During a briefing by The Ocean Foundation to the conservation NGO community in Washington, DC, Katrine Herian, a project officer of the Royal Society for the Protection of Birds (RSPB) stationed at Tristan da Cunha, informed us by telephone that the desperate effort to rescue endangered Northern Rockhopper penguins from neighboring Nightingale and Inaccessible Islands (the latter a World Heritage Site) continues, with roughly 2,300 penguins already relocated for rehabilitation on Tristan da Cunha and another 600 birds expected last evening. Dealing with the environmental disaster left in the wake of the March 16 wreck of the Oliva bulk carrier at Nightingale Island and the ongoing leak of its 300,000 gallons of heavy marine fuel has been a round-the-clock effort involving the entire community of Tristan da Cunha — a tiny community of fewer than 300 residents inhabiting this most remote inhabited island in the world where residents already have multiple jobs. The crew of the wrecked ship, Oliva, still ashore at Tristan da Cunha, has been helping with the rescue operation.
The community swimming pool at Tristan da Cunha has been converted into a rehabilitation area for penguins, as have a number of warehouses, work sheds and outdoor spaces. A barge is being used round the clock to fish for food for the rehabilitating penguins, but this effort is hampered by bad weather and large swell conditions. Residents are emptying their freezers and donating all of their personal stores of fish to the cause.
Since there is no air strip at Tristan da Cunha, supplies are 5-7 days away from the closest civilization at Cape Town, South Africa, 1500 miles to the east. High seas and 50-60 knot winds have severely hampered relief efforts, making boat landings at any of the islands too dangerous to attempt during such conditions. Consequently, many of the penguins being corralled on the islands to keep them from entering the oil-covered water have had to be released since they can not be transported back to Tristan da Cunha for rehabilitation. A helicopter for transport is desperately needed.
Thanks to help from RSPB and SANCCOB (The Southern African Foundation for the Conservation of Coastal Birds), technical assistance and supplies for rehabilitating birds are slowly reaching the area, but much more help is needed, both for the immediate cleanup and an ongoing cleanup to ensure that the area is free from oil when penguins feeding at sea return in 5 months.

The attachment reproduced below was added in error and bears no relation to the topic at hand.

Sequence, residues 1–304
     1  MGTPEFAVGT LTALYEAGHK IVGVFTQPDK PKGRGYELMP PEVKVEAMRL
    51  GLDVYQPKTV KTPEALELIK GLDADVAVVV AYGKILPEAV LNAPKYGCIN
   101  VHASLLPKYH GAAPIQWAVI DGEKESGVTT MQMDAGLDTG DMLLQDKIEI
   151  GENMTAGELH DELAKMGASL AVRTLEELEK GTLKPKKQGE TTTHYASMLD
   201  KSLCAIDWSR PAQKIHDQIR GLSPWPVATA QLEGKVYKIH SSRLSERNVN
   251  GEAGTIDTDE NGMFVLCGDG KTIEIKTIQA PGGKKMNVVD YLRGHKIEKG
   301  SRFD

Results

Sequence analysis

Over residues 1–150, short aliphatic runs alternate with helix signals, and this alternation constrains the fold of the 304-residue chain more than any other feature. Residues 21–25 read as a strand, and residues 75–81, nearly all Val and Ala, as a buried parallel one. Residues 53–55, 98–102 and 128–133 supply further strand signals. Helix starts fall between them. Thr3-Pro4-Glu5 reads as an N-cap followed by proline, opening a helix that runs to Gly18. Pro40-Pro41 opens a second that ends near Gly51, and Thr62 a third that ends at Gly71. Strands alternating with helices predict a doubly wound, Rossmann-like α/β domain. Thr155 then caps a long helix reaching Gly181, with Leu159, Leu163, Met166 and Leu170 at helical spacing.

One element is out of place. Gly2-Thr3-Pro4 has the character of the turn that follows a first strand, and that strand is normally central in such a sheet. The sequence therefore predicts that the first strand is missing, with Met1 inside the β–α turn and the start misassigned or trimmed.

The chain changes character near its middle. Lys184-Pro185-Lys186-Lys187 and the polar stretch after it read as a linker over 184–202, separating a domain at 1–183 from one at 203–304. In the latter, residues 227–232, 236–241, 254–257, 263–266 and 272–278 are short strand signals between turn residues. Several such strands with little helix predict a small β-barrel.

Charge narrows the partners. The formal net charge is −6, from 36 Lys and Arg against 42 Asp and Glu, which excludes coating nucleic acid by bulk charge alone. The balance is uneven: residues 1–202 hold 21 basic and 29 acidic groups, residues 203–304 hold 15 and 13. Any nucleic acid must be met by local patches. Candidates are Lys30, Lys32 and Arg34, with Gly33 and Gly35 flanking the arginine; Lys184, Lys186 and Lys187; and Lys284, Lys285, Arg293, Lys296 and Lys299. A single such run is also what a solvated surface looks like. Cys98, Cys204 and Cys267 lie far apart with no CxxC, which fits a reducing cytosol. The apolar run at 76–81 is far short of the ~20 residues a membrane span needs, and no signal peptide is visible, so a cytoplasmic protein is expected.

One of the biggest challenges of this situation is the fact that there is very little global awareness of this environmental disaster, affecting the second largest population of seabirds in the world. At yesterday’s briefing, a resource page for NGOs and the media was announced, containing photos, videos and PowerPoint presentations for use in media stories, newsletters, web sites, etc.
In addition to penguins, numerous other seabirds have been observed oiled, including Atlantic Yellow-Nosed Albatross, Great Shearwaters, Broad-Billed Prions, etc. Also, many sub-Antarctic fur seals have been oiled, some of them fatally. The fate of many other marine species, including fish, remains unknown. Tristan da Cunha’s economy depends almost entirely on its export of crayfish (lobster) and much of this fishery has been closed for at least two years due to the oil spill.
The cause of this accident remains under investigation.
The Ocean Foundation has established the Nightingale Island Disaster Penguin and Seabird Rescue Fund and your tax-deductible donations will go directly to assist the teams at Nightingale Island, Tristan da Cunha and Inaccessible Island working to rescue and rehabilitate endangered penguins and other seabirds. Your help is very urgently needed!